Yesterday’s race was the 80th running of the Italian Grand Prix, and the 60th time it has been a world championship event.
So it was fitting that the ‘temple of speed’ served up another of the fastest races of all time – and it was won by the sport’s oldest practitioner.
Here are the facts and stats from the Italian Grand Prix, plus a teaser for you to tackle…
The Italian Grand Prix was the eighth-fastest F1 championship round of all time. Rubens Barrichello completed the race at an average speed of 241.000kph (149.7mph) to the nearest thousandth.
That was 6.586kph slower than the fastest race ever, also at Monza back in 2003 – when engines had two cylinders more and the aerodynamic regulations were far less restrictive. Of the 23 fastest F1 races ever, 21 took place at Monza, the other two on the original Spa-Francorchamps.
This was also the 14th shortest race ever at 1hr 16’21.706s. This year’s curtailed Malaysian Grand Prix was the third shortest race of all time.
Wins and one-twos
Barrichello won his 11th Grand Prix, putting him level with Jacques Villeneuve and Felipe Massa. It was also the 50th time Barrichello has led a Grand Prix.
Barrichello won the Italian Grand Prix for the third time – his other wins were for Ferrari in 2002 and 2004. Only two drivers have won the Italian Grand Prix more than three times: Michael Schumacher (five times) and Nelson Piquet (four times).
Lewis Hamilton headed the grid for the 15th time in his F1 career, giving him as many pole positions as Massa.
Adrian Sutil claimed the fastest lap of the race with a 1’24.739 on lap 36. This was his and Force India’s first fastest lap. He also achieved his highest grid position (second) and best finishing position (fourth). Second and seventh on the grid was Force India’s best qualifying performance so far.
Hamilton and Sutil shared the front row of the grid for the first time since an F3 Euroseries race at Zandvoort in August 2005 when they were team mates at ASM.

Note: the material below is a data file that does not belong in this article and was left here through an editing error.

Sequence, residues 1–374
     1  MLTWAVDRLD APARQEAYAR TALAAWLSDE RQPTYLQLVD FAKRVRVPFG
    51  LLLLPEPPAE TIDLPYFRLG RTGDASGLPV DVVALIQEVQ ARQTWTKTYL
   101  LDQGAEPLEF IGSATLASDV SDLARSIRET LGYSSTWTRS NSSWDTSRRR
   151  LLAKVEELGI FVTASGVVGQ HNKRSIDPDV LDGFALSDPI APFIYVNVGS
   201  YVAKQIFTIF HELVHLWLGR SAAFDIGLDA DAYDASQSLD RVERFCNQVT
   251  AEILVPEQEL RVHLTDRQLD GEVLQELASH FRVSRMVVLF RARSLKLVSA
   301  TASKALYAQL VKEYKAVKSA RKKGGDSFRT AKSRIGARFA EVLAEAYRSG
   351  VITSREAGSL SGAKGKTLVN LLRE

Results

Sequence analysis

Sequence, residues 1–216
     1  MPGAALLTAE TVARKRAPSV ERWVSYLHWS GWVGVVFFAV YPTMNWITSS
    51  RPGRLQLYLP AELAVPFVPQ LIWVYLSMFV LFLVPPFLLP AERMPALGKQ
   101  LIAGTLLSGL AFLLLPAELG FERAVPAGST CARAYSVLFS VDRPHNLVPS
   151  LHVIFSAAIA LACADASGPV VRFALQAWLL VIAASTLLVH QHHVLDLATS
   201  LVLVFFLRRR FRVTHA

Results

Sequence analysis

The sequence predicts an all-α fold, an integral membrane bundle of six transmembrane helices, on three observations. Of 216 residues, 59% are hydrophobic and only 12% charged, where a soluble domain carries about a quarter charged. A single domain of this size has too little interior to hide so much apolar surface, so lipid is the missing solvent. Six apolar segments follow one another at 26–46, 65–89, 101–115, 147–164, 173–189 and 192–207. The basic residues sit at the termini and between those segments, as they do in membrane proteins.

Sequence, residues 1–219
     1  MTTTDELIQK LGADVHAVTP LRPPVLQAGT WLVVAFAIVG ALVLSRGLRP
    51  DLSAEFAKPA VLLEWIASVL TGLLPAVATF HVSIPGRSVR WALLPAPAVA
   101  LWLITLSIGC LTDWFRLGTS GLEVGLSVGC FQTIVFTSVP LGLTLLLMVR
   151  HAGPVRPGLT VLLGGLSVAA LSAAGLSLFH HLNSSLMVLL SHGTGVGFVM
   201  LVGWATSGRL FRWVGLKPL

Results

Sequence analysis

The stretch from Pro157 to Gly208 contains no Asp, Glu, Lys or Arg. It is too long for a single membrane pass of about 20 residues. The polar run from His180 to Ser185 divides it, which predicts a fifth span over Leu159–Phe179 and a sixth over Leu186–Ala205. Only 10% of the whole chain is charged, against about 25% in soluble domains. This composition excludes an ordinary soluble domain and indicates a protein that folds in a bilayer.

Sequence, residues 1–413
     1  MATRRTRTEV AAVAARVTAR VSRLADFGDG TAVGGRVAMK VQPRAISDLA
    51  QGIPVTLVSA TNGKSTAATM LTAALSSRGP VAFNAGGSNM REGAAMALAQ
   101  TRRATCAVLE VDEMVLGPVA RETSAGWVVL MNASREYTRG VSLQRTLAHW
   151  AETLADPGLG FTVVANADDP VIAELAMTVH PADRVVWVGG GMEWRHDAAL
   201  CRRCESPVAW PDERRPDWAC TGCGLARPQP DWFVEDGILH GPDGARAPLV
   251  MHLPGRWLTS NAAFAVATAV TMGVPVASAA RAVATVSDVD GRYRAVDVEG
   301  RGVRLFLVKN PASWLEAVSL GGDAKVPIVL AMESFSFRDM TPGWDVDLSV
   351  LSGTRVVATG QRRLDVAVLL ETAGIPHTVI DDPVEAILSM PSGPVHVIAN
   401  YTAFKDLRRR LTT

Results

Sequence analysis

That Heidfeld record, again…
Nico Rosberg’s points-scoring streak came to an end after eight races.
Nick Heidfeld continues to increase his tallies in the Least Interesting F1 Records Ever: he has now been classified in 41 consecutive races and has finished the last 33 in a row. Rosberg has now become the driver with the second largest number of consecutive finishes and classifications, with 25.
As mentioned several times in the build-up to the race, this was the first appearance for an Italian in Italy in a Ferrari since 1994, thanks to Giancarlo Fisichella.
The previous race in Spa was almost certainly Luca Badoer’s final appearance in an F1 Grand Prix. His two-race stint at Ferrari served only to increase his existing record for ‘most starts without a point scored’ to 51 races.
This was the 60th Italian Grand Prix that counted towards the world championship. All of these took place at Monza except the 1980 race, which was held at Imola. The British Grand Prix is the only other event on the calendar to have appeared every year since the championship began in 1950.
Including non-championship races, this was the 80th Italian Grand Prix. The first was held at a circuit called Montichiari, near Brescia, in 1921.
But by the following year the Autodromo Nazionale Monza had been built and the race moved there.
Over to you
One stat I haven’t been able to pin down in was was the last time a driver was shown the black-and-orange flag, as Robert Kubica was on lap eight.
Please post any suggestions in the comments, along with any other stats I failed to spot with my anorak gaze…
More on the Italian Grand Prix
- Barrichello leads one-two as Brawn are back on top (Italian Grand Prix)
- Italian Grand Prix in pictures
- Rate the race: Italian Grand Prix
- Italian Grand Prix result
- Rate the race: Italian Grand Prix
- Hamilton?óÔéĽÔäós light car leaves him vulnerable (Italian GP fuel weights and strategy)
- Lewis Hamilton beats Adrian Sutil to pole (Italian Grand Prix qualifying)
- Italian Grand Prix qualifying in pictures